US activists launched a week-long march in Missouri to demand sweeping police reforms as the white officer who shot dead an unarmed black teen in Ferguson resigned.
The officer, 28-year-old Darren Wilson, has left the force, citing safety concerns, according to a letter published by local media Saturday.
A grand jury's decision on Monday not to charge Wilson in connection with the August 9 shooting death of 18-year-old Michael Brown touched off days of sporadic violence in Ferguson, a suburb of St Louis.
On Saturday, a core group of about 100 marchers, many from other states, set out on a 120-mile (192-kilometer) "Journey for Justice," heading from the St Louis suburb of Ferguson to the Missouri state capital Jefferson City.
The marchers, organized by the National Association for the Advancement of Colored People (NAACP), are demanding the sacking of the Ferguson police chief, nationwide police reforms and an end to racial profiling.
"We will fight until hell freezes over, and then we will fight on the ice," NAACP president Cornell William Brooks told supporters at Washington Metropolitan A.M.E. Zion Church before setting out.
The march is the latest in a series of protests that have taken place across the United States in the wake of the explosive grand jury decision not to indict Wilson.
Wilson wrote in his letter "it is my hope that my resignation will allow the community to heal."
The grand jury decision revived long-standing questions about how police, especially white officers, interact with African Americans -- questions raised again after last week's shooting in Cleveland of 12-year-old Tamir Rice.
"What we're endeavoring to do here is seek justice for a grieving family as well as systemic, fundamental reform in terms of policing for an outraged community," Brooks told reporters.
"When you have a 12-year-old child who is killed with a toy gun in his hand, there is something fundamentally wrong," Brooks said.
- Fighting from the start -
But when the group of older activists arrived at the memorial of flowers and soft toys where Brown was killed, some protesters who have been out since August wondered why they had shown up only now.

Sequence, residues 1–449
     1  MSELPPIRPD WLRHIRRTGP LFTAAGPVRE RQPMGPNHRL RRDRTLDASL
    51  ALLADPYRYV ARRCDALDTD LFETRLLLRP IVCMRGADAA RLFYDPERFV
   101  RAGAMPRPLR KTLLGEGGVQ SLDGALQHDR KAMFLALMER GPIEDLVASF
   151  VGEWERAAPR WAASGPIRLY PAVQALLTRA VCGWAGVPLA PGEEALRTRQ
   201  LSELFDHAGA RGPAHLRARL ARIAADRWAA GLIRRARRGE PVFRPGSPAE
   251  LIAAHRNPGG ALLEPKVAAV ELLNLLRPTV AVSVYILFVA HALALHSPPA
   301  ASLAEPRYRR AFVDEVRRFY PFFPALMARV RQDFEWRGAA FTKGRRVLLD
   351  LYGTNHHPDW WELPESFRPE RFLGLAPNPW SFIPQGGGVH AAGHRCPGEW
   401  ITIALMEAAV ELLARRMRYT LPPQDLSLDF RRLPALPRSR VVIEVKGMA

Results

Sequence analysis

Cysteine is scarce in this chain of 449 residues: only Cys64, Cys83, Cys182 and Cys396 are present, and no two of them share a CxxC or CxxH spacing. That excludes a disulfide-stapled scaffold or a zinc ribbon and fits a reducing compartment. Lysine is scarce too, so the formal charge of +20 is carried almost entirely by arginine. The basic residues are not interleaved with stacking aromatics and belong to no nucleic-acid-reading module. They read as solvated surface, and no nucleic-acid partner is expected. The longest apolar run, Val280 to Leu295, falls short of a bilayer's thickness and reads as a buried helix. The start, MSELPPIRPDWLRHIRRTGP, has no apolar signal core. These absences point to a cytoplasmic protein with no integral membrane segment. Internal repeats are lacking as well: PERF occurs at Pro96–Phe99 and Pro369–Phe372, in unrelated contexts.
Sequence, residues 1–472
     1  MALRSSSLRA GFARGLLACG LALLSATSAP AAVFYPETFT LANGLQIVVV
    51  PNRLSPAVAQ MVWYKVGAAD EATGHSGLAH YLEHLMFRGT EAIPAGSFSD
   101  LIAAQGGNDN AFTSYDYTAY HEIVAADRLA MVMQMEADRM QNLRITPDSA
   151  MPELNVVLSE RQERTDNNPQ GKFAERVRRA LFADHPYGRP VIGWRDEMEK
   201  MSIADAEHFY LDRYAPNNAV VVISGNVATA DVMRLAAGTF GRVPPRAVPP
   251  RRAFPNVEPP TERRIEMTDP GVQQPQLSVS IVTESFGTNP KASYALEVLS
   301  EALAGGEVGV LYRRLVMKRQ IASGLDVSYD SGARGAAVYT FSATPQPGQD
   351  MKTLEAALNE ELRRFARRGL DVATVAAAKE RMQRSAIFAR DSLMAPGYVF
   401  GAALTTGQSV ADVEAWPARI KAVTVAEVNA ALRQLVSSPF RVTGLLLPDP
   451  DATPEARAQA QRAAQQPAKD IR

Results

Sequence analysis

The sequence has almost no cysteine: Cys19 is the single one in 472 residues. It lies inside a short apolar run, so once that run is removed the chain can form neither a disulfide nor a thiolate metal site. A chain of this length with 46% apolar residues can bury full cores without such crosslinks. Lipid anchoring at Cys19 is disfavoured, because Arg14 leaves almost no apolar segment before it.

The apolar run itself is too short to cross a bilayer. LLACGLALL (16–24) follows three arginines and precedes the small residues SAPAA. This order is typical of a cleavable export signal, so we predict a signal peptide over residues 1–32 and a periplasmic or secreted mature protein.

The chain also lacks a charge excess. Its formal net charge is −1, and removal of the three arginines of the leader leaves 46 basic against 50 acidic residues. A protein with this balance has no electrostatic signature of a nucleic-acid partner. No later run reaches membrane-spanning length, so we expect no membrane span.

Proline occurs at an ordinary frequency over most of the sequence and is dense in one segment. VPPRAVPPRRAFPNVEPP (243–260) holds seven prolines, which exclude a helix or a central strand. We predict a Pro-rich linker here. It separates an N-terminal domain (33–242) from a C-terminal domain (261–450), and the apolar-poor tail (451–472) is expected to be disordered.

"I've been out here fighting the fight from the beginning," said Markese Mull, celebrating his 40th birthday and a member of the local Peacekeepers group pushing for a better future and working to stop violence at demonstrations.
Eugene Gillis, a trumpeter who plays at nightly protests, said young protesters feel alienated and reject the older generation of activists molded by slain civil rights leader Martin Luther King, Jr.
"Most of these young people say these people are out here for photo ops and that's what aggravates the issue," Gillis told AFP.
Brooks, dressed in neat jeans and a sweater, prayed and fell to his knees in reflection at Brown's memorial while surrounded by a media scrum.
Mobbed by TV cameras, he then led the march in one direction before turning around and heading back the opposite way, marching into West Florissant Avenue, where some of the worst looting took place.
The marchers, including young children, were tailed by two buses in case they got tired, and a convoy of cars. The group told AFP they would march around 10 miles on Saturday, before returning to the church to sleep.
Outside Missouri, others rallied in Brown's memory and called for change.
Hundreds of people demonstrated in and around the US capital Washington, including some who laid on the ground for several minutes in a "die in" at a shopping mall near the Pentagon.
- 15 arrests in Ferguson -
The peaceful march came after 15 protesters were arrested late Friday outside the Ferguson police department and after demonstrators shut down a shopping mall in St Louis, demanding a boycott of post-Thanksgiving shopping.
Monday's announcement that Wilson will not face charges sparked looting, arson and gunfire in parts of Ferguson, a mainly black suburb with a mostly white police force.
The NAACP wants police to use body cameras, changes to the system of equipping police with military hardware, a promotion of diversity on the force and an end to the use of major force in cases involving minor offenses.
Adrian West, a technology trainer, waited nearly two hours for the marchers to show up late, potentially missing a memorial service for a friend killed in a fight.
But he still expressed support, hopeful that nationwide protests would yet bring change.
"I think this is enough to get the federal government's attention, strong enough to make them listen, and it's quite possible Darren Wilson could end up getting indicted by the federal government."
A federal probe into whether Wilson violated Brown's civil rights is ongoing.